EGeneExpress - Gene Expression Molecular Genetics Molecular...

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Unformatted text preview: Gene Expression Molecular Genetics Molecular Genetics 2: • Replication – Precisely copying all the genetic information (DNA) – S-stage of cell cycle – Exact replicas passed to daughter cells Gene Expression • Gene Expression – – – – Using a specific bit of the genetic information Make a “working copy ” of the needed bit (gene) Take the working copy to the workshop (ribosome) Use the copied instructions to build a specific protein Feb 16, 2001 What is a gene? The Central Dogma of Biology • A unit of heredity (inherited information) • Structure: – Short DNA sequence of nucleotides – One chromosome carries hundreds of genes • Function: – Order of nucleotides in DNA determines order of amino acids in protein – Each gene codes for a different polypeptide DNA molecule Gene 2 Gene 1 Gene 3 Gene Expression • Copy the recipe from the master document (DNA gene) in the nucleus. • Use the copy of the recipe (mRNA) to produce the protein on ribosomes in the cytoplasm. Heyer RNA nucleotides can base pair with DNA nucleotides U pairs with A 1 Gene Expression Genes are Expressed as Proteins I.Transcription: DNA to RNA • 2 main stages 1) Transcription – DNA information copied to RNA – Occurs in the nucleus 1 • A specific gene is “turned on ” • Making RNA strand from DNA gene • Starts at Promoter - DNA region before a gene • Ends at Terminator - DNA region at the end of a gene 2) Translation – RNA information used to construct a protein – Occurs in the cytoplasm 2 3 The flow of genetic information Transcription of a gene Figure 17.7 The stages of transcription: initiation, elongation, and termination Promoter Transcription unit 5¢ 3¢ • RNA polymerase moves along DNA strand and builds RNA strand Start point 3¢ 5¢ DNA Initiation. After RNA polymerase binds to the promoter, the DNA strands unwind, and the polymerase initiates RNA synthesis at the start point on the template strand. 1 RNA polymerase 5¢ 3¢ 3¢ 5¢ Template strand of DNA Unwound RNA DNA transcript 2 Rewound Elongation. The polymerase moves downstream, unwinding the DNA and elongating the RNA transcript 5¢ Æ 3 ¢. In the wake of transcription, the DNA strands re-form a double helix. DNA 5¢ 3¢ 3¢ 5¢ 3¢ 5¢ RNA transcript 3 Termination. Eventually, the RNA transcript is released, and the polymerase detaches from the DNA. 5¢ 3¢ 3¢ 5¢ 3¢ 5¢ Completed RNA transcript 2. Transcriptional Elongation 1. The initiation of transcription 1 Eukaryotic promoters 5¢ 3¢ in eukaryotic cells •Promoter TATA box 3¢ 5¢ 3 Additional transcription factors RNA polymerase II Figure 17.8 Heyer 3¢ 5¢ 3¢ 5¢ 3¢ Transcription factors 3¢ 5¢ 5¢ RNA transcript Transcription initiation complex C A 5¢ A T C CA AT 3¢ -end T U CA U G C A A TA GGT T A 5¢ Direction of transcription (“ downstream) Newly made RNA RNA-polymerase II 1. Moves 3 ’Æ5 ’ down template DNA 2. Un-zips 10 –20 DNA bases at a time 2 Several transcription factors Transcription factors • Proteins that bind to the promoter • Facilitate binding of the polymerase here • Catalyses the synthesis of RNA 5’Æ3 ’ • Starts moving “downstream ” from the start point RNA nucleotides RNA polymerase Start Template point DNA strand T U G •Transcriptional factors 3¢ 5¢ TA TA A A A ATA T T T T G • A region of ~25 bases “upstream ” from the gene • Contains the transcription start point • Often includes a “ TATA box” •RNA polymerase Non-template strand of DNA Promoter Transcription initiation complex Figure 17.7 A C G Template strand of DNA 3. Ribo-nucleotides align by base pairing with template DNA of gene at 3’ -end of elongating RNA strand 4. RNA synthesized 5 ’Æ 3’ (~60 nucleotides per sec) 5. RNA strand separates from DNA as polymerase passes 6. DNA re-zips Elongation Figure 17.7 2 Gene Expression 3. Termination (prokaryotes) 3. Termination (eukaryotes) Polyadenylation signal Protein-coding segment 5¢ 3¢ AAUAAA 5¢ UTR w Transcribed RNA forms “GC hairpin”. w Hairpin causes RNA poly to fall off, terminating transcription. * Each type produced by transcription from DNA . Types of RNA Start codon 3¢ UTR Stop codon Clip off transcript w RNA-poly transcribes past gene and past a “polyadenylation signal” w Enzyme recognizes the poly-a signal and clips off the RNA transcript. w RNA poly continues transcribing downstream for a ways before disconnecting. Processing of “primary transcript” RNA: addition of the 5¢ cap and the poly-A tail DNA TRANSCRIPTION RNA PROCESSING Pre-mRNA mRNA Ribosome TRANSLATION A modified methyl-guanine nucleotide added to the 5 ¢ end Although each RNA molecule has only a single polynucleotide chain, it is not a smooth linear structure. Within strand complementary base pairing : Regions of complementary AU or GC pairs allow the molecule to fold on itself forming helical structures called hairpin loops. Processing of “primary transcript” RNA: RNA splicing Protein-coding segment 5¢ 50 to 250 adenine nucleotides added to the 3 ¢ end by poly-A synthetase using ATPs Polypeptide Polyadenylation signal G PPP 5¢ Cap AAUAAA Start codon 5¢ UTR Stop codon 3¢ UTR 3¢ AAA…AAA Poly-A tail •Cap & tail protect mRNA from rapid degradation in the cytoplasm. •Eukaryotic mRNA stay active for hours, or even days, in the cytoplasm. •Prokaryotes lack cap & tail; mRNA only lasts for minutes. Figure 17.9 The roles of snRNPs and spliceosomes in pre-mRNA splicing 5¢ • Introns : “intervening sequences ” — non-coding regions of DNA within a gene • Must be excised from pre-mRNA before translation. 1 RNA transcript (pre-mRNA) Intron Exon 1 Exon 2 Protein Other proteins snRNA snRNPs 5¢ Exon Intron Pre-mRNA 5¢ Cap 30 31 1 Intron Exon Coding segment 104 Exon 105 146 2 5¢ Poly-A tail 146 UTR: Un-Translated Region outside of coding segment. Heyer Spliceosome Poly-A tail Introns cut out and Exons spliced together mRNA 5¢ Cap 1 3¢ UTR 3¢ 3¢ UTR Figure 17.10 The average eukaryotic pre-mRNA is only ~15% message Spliceosome components 3 5¢ mRNA Exon 1 Exon 2 Cut-out intron Figure 17.11 3 Gene Expression Correspondence between exons and protein domains Gene DNA Exon 1 Intron Exon 2 Intron Exon 3 Transcription RNA processing Translation • Codons (“ words”) are RNA nucleotide triplets • Each codon represents a specific amino acid Domain 3 Domain 2 Domain 1 Polypeptide II. Translation: the sequence of mRNA codons determines the sequence of amino acids in the polypeptide Figure 17.12 Translation of RNA codons The Genetic Code II. Translation • On the ribosome • tRNAs translate the sequence of 3-base nucleotide “words” (codons) into a sequence of amino acids in a polypeptide • NOTE: the mRNA is not “turned into” protein! • • specific mRNA codons are associated with specific amino acids 64 codons , but only 20 aa’s – Many codons are redundant – Some are start/stop signals Transfer RNAs Carry Amino Acids An aminoacyl-tRNA synthetase joins a specific amino acid to a specific tRNA Aminoacyl-tRNA synthetase (enzyme) 1 Active site binds the amino acid and ATP. Amino acid P P PAdenosine ATP 2 ATP loses two P groups and joins amino acid as AMP. PyrophosphateP Pi Structure and symbol of transfer RNA • • Heyer tRNA molecules match amino acids to the appropriate codon tRNA anticodon - a triplet sequence on tRNA that base pairs with a mRNA codon P Adenosine Pi Pi Phosphates tRNA 3 Appropriate tRNA bonds covalently to amino acid, PAdenosine displacing AMP. AMP 4 Activated amino acid is released by the enzyme. Aminoacyl tRNA (an “activated amino acid ”) Figure 17.15 4 Gene Expression Ribosomes: the site of translation The Ribosome P site (Peptidyl -tRNA binding site) Ribosomes are bound to ER and free in cytoplasm A site (AminoacyltRNA binding site) E site (Exit site) E P Large subunit A mRNA binding site (b) Small subunit Schematic model showing binding sites. A ribosome has an mRNA binding site and three tRNA binding sites, known as the A, P, and E sites. Ribosome: Made of rRNA and protein Initiation of Translation Elongation 1) Next tRNA binds to A site 2) Adjacent amino acids linked 3) tRNA in P site leaves 4) Ribosome moves to next codon Process continues The initiation of translation • mRNA binds to ribosome at start codon [AUG] • First tRNA binds to mRNA ( anticodon to codon ) Polypeptide elongation Translation: Termination Fig. 7.10, 1-2 • When ribosome reaches stop codon, a releasing factor (protein) binds to the codon instead of a tRNA. • Polypeptide is released from tRNA. • Ribosome then released from mRNA. Heyer 5 Gene Expression Fig. 7.10, 3-4 Fig. 7.10, 7-8 Fig. 7.10, 9-10 Fig. 7.10, 11-12 Heyer Fig. 7.10, 5-6 Fig. 7.10, 13-14 6 Gene Expression Fig. 7.12 Making lots of protein • Many copies of mRNA can be made from one gene • Many ribosomes can make protein from the same mRNA • Amplification of information allows rapid production of proteins Not done yet! Protein Shape Determines Function Regulation of Gene Expression Critical to have the right protein at the right place and right time. • Post-translation modification • Specific 3-D shape • Shape is critical to function • Initiation of transcription* – “Transcription factors” • Post-transcriptional modification – Alternative splicing of mRNA — “RNA processing” • Translation • Post-translational modification* • Denaturation = loss of shape Ë loss of function Ribbon model of lysozyme protein Review Heyer * Major regulative processes (Topics for future lectures) Prokaryotes & Eukaryotes 7 Gene Expression Base-pair substitution Mutations Wild type • Single base changes: – Substitution changes mRNA Protein AUGA AGUUUGGCUA A 5¢ Met Lys Phe Gly Amino end one aa in protein chain 3¢ Stop Carboxyl end Base-pair substitution No effect on amino acid sequence – Deletion or Insertion leads to U instead of C AUG A AG UUUG GUU A A Frame Shifts; changes entire aa sequence downstream Met Lys Phe Missense Gly Stop A instead of G AUGAAGUUUAGUUAA Met Lys Phe Ser Stop Nonsense U instead of A AUGUAGUUUGGCUA A Met Types of mutations A missense point mutation: The molecular basis of sickle-cell disease Wild-type hemoglobin DNA 3¢ 5¢ C T G A T In the DNA, the mutant template strand has an A where the wild-type template has a T. A The mutant mRNA has a U instead of an A in one codon. 3¢ A 5¢ T C mRNA A G 3¢ Wild type mRNA 5¢ A UG A A GUU UGGCU A A Met Lys Gly Phe 3¢ Stop Amino end Carboxyl end Base-pair insertion or deletion Frameshift causing immediate nonsense Extra U A U GU A A G U U U GG C U A mRNA 5¢ Base-pair insertion or deletion Protein Mutant hemoglobin DNA Figure 17.24 Stop U 5¢ 3¢ Met Stop Frameshift causing extensive missense U Missing AUGA AGUUGGCUA A Normal hemoglobin Glu Sickle-cell hemoglobin Val Met The mutant (sickle-cell) hemoglobin has a valine (Val) instead of a glutamic acid (Glu ). Lys Leu Ala Insertion or deletion of 3 nucleotides: no frameshift but extra or missing amino acid A A G Missing A UGUU UGGCU A A Figure 17.23 Met Phe Gly Stop Figure 17.25 A problem of origins: which came first? Heyer 8 ...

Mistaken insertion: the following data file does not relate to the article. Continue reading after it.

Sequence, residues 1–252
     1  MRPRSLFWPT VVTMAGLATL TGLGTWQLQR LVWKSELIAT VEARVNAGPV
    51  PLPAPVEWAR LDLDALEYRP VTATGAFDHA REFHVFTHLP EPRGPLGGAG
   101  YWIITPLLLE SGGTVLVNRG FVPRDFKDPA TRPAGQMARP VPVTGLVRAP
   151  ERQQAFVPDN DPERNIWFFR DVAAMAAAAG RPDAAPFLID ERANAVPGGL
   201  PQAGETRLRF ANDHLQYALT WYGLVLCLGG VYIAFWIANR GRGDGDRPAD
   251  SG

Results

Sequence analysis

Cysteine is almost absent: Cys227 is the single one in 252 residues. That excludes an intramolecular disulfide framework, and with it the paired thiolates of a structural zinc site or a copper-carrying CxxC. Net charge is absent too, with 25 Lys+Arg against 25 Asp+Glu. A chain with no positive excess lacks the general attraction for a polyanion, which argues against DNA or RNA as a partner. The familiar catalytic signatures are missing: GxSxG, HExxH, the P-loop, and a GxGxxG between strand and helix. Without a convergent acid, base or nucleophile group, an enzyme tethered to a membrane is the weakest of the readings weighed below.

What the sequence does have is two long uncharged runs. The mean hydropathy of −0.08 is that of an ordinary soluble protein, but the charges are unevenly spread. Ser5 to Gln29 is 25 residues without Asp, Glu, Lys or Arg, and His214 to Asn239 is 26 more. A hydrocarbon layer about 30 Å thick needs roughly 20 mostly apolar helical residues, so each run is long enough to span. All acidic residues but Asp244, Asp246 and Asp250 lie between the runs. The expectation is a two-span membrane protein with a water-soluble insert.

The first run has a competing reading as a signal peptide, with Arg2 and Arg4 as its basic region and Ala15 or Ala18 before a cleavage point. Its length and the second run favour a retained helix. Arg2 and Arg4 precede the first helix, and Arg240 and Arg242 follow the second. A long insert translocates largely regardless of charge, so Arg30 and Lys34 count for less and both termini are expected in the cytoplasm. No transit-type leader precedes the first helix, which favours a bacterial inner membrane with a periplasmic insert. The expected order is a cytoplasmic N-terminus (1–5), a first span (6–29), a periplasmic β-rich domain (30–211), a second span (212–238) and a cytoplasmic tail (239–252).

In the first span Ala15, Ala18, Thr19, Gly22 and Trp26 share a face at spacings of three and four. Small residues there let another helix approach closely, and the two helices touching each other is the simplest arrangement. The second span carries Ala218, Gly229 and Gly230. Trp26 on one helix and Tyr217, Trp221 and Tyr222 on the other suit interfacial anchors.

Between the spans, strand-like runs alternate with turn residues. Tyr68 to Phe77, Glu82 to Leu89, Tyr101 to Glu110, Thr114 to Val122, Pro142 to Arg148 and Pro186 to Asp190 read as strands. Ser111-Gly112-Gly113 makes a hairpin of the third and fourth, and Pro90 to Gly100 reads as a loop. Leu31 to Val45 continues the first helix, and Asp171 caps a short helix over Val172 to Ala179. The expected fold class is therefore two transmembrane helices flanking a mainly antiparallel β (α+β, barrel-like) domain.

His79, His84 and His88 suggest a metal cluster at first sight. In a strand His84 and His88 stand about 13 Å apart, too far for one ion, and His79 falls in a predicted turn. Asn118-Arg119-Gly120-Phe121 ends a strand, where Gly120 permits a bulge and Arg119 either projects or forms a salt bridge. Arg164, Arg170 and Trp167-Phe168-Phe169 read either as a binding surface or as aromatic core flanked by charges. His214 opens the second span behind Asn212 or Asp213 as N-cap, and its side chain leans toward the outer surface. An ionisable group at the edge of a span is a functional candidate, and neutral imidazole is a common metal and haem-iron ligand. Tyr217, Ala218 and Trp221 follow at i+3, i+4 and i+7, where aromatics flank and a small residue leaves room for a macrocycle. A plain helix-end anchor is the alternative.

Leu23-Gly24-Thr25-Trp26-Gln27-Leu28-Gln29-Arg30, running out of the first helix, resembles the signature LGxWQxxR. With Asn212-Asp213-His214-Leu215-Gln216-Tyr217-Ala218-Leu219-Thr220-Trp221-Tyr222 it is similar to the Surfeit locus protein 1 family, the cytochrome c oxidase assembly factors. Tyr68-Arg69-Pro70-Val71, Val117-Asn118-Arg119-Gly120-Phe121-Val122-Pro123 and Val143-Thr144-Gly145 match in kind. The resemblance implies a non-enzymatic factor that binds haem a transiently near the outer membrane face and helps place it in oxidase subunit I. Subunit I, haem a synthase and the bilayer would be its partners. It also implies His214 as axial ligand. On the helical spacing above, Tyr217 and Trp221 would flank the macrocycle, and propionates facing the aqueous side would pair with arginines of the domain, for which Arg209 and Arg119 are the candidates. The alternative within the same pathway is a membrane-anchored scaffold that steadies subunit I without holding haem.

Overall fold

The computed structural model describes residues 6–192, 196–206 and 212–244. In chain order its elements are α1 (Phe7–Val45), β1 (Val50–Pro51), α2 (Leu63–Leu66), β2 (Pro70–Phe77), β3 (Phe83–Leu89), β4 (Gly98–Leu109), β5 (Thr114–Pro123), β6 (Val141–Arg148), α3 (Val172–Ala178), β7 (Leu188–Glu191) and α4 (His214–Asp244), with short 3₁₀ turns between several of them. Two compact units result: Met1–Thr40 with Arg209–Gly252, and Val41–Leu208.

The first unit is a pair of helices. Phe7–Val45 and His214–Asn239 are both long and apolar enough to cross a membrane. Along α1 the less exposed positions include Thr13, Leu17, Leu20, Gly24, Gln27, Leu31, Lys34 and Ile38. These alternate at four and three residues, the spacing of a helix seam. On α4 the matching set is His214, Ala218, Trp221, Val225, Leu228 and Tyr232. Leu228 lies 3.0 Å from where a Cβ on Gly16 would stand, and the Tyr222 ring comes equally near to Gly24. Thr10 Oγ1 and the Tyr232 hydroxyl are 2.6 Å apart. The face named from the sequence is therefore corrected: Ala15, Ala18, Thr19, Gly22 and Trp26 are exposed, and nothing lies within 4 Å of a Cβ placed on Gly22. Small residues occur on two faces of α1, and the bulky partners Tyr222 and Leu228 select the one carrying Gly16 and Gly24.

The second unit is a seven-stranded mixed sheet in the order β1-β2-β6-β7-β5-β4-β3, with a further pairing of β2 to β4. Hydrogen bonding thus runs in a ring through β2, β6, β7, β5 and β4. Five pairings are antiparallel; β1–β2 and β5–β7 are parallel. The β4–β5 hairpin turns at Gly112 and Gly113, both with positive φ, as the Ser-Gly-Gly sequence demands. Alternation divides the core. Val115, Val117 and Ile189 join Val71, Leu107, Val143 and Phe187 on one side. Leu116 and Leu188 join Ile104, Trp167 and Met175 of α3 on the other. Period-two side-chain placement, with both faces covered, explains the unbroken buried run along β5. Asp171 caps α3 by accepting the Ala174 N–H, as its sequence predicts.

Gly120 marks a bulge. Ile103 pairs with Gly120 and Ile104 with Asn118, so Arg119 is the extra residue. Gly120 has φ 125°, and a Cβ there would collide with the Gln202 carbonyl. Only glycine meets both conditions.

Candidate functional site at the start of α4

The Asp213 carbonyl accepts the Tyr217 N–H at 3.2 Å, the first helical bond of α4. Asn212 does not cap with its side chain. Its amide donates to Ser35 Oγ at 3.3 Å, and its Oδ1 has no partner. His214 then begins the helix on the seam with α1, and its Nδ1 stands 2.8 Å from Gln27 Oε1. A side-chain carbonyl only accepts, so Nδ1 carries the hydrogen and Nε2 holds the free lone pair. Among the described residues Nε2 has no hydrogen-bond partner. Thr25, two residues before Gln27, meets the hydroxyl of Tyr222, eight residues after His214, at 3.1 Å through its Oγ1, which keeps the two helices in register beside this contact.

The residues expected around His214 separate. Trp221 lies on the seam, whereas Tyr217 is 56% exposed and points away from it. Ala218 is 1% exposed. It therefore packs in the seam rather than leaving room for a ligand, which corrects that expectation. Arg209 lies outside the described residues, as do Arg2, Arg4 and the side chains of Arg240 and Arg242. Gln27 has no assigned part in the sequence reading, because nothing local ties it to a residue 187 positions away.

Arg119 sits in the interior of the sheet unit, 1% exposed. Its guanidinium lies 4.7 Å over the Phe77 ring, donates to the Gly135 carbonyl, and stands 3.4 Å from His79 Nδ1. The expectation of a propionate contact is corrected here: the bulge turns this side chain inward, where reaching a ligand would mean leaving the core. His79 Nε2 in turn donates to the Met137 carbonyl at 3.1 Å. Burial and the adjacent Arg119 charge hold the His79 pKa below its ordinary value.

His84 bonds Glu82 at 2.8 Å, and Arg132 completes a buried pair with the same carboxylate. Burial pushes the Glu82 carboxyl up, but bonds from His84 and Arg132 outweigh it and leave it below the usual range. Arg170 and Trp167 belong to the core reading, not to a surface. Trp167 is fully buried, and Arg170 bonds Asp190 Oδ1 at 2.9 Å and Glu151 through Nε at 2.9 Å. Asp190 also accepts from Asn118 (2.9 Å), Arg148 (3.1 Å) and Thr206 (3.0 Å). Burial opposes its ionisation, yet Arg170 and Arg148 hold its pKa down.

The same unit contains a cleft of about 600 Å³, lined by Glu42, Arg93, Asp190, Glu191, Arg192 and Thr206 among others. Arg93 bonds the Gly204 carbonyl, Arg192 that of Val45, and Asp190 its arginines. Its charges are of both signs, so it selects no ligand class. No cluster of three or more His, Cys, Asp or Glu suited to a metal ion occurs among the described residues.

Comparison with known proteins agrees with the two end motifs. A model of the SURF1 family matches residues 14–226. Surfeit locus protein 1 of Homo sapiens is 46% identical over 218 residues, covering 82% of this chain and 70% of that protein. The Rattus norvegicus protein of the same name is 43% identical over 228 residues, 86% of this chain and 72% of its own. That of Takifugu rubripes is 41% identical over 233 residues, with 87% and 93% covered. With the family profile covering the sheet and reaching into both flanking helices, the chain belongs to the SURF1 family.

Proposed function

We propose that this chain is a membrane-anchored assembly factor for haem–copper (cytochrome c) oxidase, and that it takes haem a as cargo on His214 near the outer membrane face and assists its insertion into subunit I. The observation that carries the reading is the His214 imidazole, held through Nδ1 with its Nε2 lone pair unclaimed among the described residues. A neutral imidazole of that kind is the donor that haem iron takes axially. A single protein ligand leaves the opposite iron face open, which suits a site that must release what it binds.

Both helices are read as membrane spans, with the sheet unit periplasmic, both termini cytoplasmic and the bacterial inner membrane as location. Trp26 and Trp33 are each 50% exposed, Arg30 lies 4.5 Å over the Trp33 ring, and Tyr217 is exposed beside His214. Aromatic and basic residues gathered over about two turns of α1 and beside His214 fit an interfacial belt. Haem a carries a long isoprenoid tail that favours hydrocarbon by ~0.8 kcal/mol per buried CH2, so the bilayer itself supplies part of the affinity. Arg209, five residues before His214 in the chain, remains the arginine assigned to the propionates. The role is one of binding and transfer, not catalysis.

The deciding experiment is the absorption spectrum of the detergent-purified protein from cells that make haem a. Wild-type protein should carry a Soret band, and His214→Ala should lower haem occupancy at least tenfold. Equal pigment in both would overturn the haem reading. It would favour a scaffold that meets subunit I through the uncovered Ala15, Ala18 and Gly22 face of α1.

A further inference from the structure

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This note was uploaded on 09/02/2011 for the course BIOL 6B taught by Professor Heyer during the Spring '10 term at DeAnza College.